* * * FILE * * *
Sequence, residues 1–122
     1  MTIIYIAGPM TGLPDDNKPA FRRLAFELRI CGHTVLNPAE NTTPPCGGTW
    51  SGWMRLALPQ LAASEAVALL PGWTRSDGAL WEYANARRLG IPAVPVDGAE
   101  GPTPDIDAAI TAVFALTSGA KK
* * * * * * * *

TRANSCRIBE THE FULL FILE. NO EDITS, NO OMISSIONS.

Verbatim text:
Sequence, residues 1–122
     1  MTIIYIAGPM TGLPDDNKPA FRRLAFELRI CGHTVLNPAE NTTPPCGGTW
    51  SGWMRLALPQ LAASEAVALL PGWTRSDGAL WEYANARRLG IPAVPVDGAE
   101  GPTPDIDAAI TAVFALTSGA KK